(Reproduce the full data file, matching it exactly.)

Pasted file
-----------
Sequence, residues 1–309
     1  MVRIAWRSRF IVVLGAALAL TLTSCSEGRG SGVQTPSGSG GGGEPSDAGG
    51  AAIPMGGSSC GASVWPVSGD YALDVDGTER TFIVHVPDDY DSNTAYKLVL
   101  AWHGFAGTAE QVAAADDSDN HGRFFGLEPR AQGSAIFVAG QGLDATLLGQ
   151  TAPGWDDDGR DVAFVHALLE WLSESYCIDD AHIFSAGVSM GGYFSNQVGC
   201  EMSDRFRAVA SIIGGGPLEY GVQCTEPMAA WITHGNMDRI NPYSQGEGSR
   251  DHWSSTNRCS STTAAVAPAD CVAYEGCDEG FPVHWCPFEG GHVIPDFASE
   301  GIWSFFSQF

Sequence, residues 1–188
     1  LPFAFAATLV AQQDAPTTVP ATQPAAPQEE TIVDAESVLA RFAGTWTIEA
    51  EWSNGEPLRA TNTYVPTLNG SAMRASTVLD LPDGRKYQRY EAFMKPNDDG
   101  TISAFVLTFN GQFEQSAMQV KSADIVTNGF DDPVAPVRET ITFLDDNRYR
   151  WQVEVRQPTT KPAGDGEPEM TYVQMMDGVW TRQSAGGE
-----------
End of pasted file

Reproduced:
Sequence, residues 1–309
     1  MVRIAWRSRF IVVLGAALAL TLTSCSEGRG SGVQTPSGSG GGGEPSDAGG
    51  AAIPMGGSSC GASVWPVSGD YALDVDGTER TFIVHVPDDY DSNTAYKLVL
   101  AWHGFAGTAE QVAAADDSDN HGRFFGLEPR AQGSAIFVAG QGLDATLLGQ
   151  TAPGWDDDGR DVAFVHALLE WLSESYCIDD AHIFSAGVSM GGYFSNQVGC
   201  EMSDRFRAVA SIIGGGPLEY GVQCTEPMAA WITHGNMDRI NPYSQGEGSR
   251  DHWSSTNRCS STTAAVAPAD CVAYEGCDEG FPVHWCPFEG GHVIPDFASE
   301  GIWSFFSQF

Sequence, residues 1–188
     1  LPFAFAATLV AQQDAPTTVP ATQPAAPQEE TIVDAESVLA RFAGTWTIEA
    51  EWSNGEPLRA TNTYVPTLNG SAMRASTVLD LPDGRKYQRY EAFMKPNDDG
   101  TISAFVLTFN GQFEQSAMQV KSADIVTNGF DDPVAPVRET ITFLDDNRYR
   151  WQVEVRQPTT KPAGDGEPEM TYVQMMDGVW TRQSAGGE